The first four avatars are said to have appeared in the Satya Yuga, the first of the four Yugas, or ages of the time cycle, described within Hinduism. They are: Matsya, the fish, Kurma, the tortoise, Varaha, the boar, and Narasimha, who was half-man and half-lion.
In Hindu mythology, Matsya saved Manu Vaisvasta, the eventual creator of the human species, by rescuing him from tempestuous waters during a great flood which ravaged the primordial earth. When gods and demons could not find a secure base upon which to churn the milk of order so they could extract the nectar of immortality, Kurma offered his broad shell so the mighty churning stick could be firmly set upon it. Varaha battled and defeated the demon Hiranyaksa beneath the cosmic ocean, then proceeded to rescue the earth goddess Prthivi from a watery grave by placing her on his tusk and swimming to the surface. Narasimha used his status as neither fully human nor fully beast to defeat Hiranyaksipu, another oppressive demon who was invulnerable to both human beings and animals.
The next three avatars appeared in the Treta Yuga. They are: Vamana, the dwarf, Parashurama, the man bearing an ax, and Rama, the prince and king of Ayodhya. According to Hindu lore, after the earth had been taken over by the malevolent Bali, Vamana asked him for all the territory he could encompass in three strides. Bali gladly agreed, only to have Vamana assume his cosmic form as Vishnu and traverse the entire universe with his three steps. In a number of battles, Parashurama defeated the Kshatriyas, or militant caste, and restored the priority of the priestly caste, the Brahmins, who had been oppressed by their traditional underlings, the warriors. Rama, meanwhile, defeated Ravana and thereby freed the world from the demon's clutches, instituting a reign of virtue and prosperity. This kingdom would serve as an ideal societal structure for rulers in every generation that followed.
The eighth incarnation, Krishna (meaning "dark colored" or "all attractive"), is the only avatar to have appeared in the Dwapara Yuga. During his appearance on earth, Krishna defeated the oppressive demon Kamsa while aiding the Pandava brothers to victory over their malevolent cousins, the Kauravas. This battle is recorded in the great Hindu epic, the Mahabharata, which is best known for a poem included within it, the Bhagavadgita, wherein Krishna elucidates the path of righteousness for Arjuna, a Pandava warrior.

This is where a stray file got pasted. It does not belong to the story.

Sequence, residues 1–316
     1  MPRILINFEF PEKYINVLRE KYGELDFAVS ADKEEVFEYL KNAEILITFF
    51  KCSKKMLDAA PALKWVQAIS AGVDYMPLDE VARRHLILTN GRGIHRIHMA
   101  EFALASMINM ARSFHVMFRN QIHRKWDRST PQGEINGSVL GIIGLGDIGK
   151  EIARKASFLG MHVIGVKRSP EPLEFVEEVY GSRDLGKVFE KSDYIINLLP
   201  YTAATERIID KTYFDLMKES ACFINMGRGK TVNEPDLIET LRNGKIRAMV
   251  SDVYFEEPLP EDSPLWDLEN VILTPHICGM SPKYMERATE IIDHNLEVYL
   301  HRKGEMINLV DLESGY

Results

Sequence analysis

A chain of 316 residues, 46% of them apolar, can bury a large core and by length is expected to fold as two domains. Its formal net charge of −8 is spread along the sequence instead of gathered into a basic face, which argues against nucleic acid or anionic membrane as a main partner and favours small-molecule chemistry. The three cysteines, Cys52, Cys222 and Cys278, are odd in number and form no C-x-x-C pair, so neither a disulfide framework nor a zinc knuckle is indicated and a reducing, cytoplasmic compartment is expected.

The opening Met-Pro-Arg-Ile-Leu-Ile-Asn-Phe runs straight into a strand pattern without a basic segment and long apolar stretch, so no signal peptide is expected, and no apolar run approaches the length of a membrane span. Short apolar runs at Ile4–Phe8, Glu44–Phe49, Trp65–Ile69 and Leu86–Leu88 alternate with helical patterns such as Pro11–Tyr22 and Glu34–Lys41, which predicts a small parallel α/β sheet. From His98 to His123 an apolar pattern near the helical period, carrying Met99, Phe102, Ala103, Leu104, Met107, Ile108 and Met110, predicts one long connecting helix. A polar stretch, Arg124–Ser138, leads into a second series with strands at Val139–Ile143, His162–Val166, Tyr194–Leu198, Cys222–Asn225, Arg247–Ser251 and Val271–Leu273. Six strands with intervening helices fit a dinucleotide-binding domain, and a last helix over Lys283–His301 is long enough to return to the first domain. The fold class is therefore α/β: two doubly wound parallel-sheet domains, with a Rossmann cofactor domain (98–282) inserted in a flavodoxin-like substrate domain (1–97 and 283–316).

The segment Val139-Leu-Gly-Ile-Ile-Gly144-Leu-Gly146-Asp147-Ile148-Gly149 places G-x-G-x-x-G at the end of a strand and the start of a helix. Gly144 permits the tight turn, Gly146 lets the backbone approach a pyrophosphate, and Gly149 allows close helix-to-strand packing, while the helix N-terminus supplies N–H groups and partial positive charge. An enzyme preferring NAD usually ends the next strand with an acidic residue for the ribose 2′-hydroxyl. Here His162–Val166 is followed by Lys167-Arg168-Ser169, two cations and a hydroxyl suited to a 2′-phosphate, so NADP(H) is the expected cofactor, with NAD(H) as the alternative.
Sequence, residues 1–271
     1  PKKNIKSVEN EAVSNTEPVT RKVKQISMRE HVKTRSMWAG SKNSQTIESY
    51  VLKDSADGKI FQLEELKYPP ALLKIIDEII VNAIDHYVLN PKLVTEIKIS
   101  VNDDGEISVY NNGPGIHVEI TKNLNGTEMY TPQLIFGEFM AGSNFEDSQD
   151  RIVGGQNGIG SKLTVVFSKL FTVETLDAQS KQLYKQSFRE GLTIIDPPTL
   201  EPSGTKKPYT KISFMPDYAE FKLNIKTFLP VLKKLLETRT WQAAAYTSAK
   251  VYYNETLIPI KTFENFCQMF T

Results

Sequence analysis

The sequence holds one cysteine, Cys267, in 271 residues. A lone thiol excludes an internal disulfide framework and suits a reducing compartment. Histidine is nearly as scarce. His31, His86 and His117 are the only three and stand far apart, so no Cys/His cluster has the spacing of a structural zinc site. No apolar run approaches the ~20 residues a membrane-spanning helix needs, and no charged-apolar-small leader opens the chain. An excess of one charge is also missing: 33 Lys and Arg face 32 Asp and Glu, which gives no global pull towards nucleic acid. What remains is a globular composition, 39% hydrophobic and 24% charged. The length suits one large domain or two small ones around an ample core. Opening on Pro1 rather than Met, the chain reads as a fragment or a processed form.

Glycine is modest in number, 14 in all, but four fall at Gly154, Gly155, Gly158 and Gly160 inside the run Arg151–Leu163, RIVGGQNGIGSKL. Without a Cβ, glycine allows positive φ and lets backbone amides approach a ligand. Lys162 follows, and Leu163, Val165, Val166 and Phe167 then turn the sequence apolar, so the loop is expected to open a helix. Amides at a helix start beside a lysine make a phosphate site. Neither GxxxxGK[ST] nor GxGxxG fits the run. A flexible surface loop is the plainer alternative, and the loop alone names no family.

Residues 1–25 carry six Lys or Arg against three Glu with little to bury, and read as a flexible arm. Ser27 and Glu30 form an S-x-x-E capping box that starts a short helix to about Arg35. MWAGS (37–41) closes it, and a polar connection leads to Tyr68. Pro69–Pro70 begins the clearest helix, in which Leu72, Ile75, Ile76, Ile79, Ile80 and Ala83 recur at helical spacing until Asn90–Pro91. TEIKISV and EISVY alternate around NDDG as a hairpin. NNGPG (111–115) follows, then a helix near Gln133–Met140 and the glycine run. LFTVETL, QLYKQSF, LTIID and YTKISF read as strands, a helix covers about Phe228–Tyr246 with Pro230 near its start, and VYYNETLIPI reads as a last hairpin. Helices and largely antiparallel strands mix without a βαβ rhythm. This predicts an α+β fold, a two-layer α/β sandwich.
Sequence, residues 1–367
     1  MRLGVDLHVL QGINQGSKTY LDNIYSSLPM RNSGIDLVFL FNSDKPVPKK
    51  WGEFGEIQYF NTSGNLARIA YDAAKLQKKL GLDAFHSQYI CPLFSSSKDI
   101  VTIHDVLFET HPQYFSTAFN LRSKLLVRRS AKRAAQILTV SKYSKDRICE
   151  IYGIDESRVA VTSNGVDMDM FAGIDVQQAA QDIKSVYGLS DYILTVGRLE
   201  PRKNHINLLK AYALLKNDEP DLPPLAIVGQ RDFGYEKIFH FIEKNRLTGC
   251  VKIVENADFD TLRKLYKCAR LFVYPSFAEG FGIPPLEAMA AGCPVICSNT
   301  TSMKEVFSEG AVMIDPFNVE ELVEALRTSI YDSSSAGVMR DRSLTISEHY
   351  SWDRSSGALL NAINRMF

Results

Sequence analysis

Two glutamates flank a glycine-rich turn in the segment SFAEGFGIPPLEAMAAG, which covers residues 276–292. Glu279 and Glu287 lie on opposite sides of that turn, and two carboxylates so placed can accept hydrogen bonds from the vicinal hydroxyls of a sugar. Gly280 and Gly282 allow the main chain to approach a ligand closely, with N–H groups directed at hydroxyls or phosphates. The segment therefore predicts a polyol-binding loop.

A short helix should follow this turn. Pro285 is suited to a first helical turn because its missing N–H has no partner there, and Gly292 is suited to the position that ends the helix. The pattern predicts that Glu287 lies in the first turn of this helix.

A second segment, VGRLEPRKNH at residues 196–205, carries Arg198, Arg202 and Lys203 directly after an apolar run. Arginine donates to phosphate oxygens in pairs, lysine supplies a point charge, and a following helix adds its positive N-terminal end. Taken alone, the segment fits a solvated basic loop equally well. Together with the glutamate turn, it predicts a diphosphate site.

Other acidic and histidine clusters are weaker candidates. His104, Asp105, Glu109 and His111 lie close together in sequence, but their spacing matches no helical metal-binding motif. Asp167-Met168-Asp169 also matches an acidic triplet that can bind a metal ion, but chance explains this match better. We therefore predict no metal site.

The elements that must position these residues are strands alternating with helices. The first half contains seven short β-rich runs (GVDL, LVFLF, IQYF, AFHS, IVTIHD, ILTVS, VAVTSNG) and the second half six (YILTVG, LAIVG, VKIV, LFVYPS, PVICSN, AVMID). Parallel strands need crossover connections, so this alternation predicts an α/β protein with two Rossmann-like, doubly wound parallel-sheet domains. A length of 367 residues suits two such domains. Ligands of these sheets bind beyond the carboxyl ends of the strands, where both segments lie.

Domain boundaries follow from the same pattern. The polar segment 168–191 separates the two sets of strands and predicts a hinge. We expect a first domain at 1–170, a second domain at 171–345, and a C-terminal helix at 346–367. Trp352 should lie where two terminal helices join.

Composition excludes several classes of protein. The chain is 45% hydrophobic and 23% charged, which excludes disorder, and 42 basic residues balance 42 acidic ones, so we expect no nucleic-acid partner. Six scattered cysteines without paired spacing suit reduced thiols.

The identity of the ninth avatar is disputed. Normally, the Buddha is listed as the ninth avatar but sometimes Krishna's brother Balarama is listed instead. For instance, the Bhagavata Purana claims that Balarama was the ninth incarnation. However, traditionally it is the Buddha who fulfills this role as the ninth avatar, albeit it should also be noted that Buddhists do not accept this doctrine and deny that the Buddha was an avatar of Vishnu. Some scholars suggest that the absorption of the Buddha into the Vaisnavite theological framework was a polemic effort to mitigate the appeal of Buddhism among the Hindu masses.
The tenth avatar, Kalkin ("Eternity" or "The Destroyer of foulness") has yet to appear upon the earth, but is set to arrive at the end of the Kali Yuga, as predicted in verse 8.17 of the Bhagavadgita. Due to his pending arrival, Kalki is the most mysterious of the avatars, though he is described as a rider upon a white horse wielding a comet-like sword. It is said that Kalki will bring the world to its end, rewarding the virtuous, while punishing the wicked.
The 25 Avatars of the Puranas
The Puranas list twenty-five avatars of Vishnu in total. In addition to the ten listed above, these avatars include the Catursana, the four sons of Brahma who are together considered one incarnation; Narada, the traveling sage; Yajna, an incarnation within whom Vishnu temporarily assumed the role of Indra; Nara-Narayana, twin brothers; Kapila, the philosopher; Dattatreya, the combined avatar of the Trimurti); Hayagriva, a horse; Hamsa, the swan; Prsnigarbha, creator of the planet known as Dhruvaloka; Rishabha, father of King Bharata; Prithu, monarch of the solar pantheon who introduced agriculture to humankind; Dhanvantari, father of ayurveda; Mohini, a beautiful woman; Ramachandra, the king of Ayodhya; Vyasa, writer of the Vedas, and Balarama, Krishna's elder brother. A full description of each of these incarnations is found in the Bhagavata Purana, Canto 1, Chapter 3.
Besides the avatars listed in the Puranas and Vedas, many other figures are considered to be avatars by certain Hindus. For example, Caitanya Mahaprabhu (1485-1533) is listed as an avatar of Vishnu by followers of the Gaudiya Vaishnava tradition, and is widely worshiped as such. Caitanya is often referred to as the "Golden Avatar," a moniker based upon the supposed hue of his skin. Sri Ramakrishna (1836–1886) is reported to have said to Swami Vivekananda, "he who was Rama and Krishna is now, in this body, Ramakrishna," seemingly an endorsement of his incarnate godliness. Ramakrishna's wife, Sarada Devi, is likewise considered by many to be an incarnation of Kali.
Some Hindus with an inclusivist outlook perceive the central figures of various non-Hindu religions to be avatars. Some of these religious figures include: Jesus (4 B.C.E.-c. 33 C.E.), the founder of Christianity, Zoroaster (a.k.a. Zarathustra), the founding prophet of Zoroastrianism, Mahavira (599-527 B.C.E.), promulgator of the tenets of Jainism, Gautama Buddha (563-483-543 B.C.E.) the key figure in Buddhism, as well as Bahá'u'lláh (1817–1892 C.E.) the founder-prophet of the Bahá'í Faith, who is believed to be Kalkin Avatar.
However, many other Hindus reject the idea that avatars can exist outside of traditional Hinduism.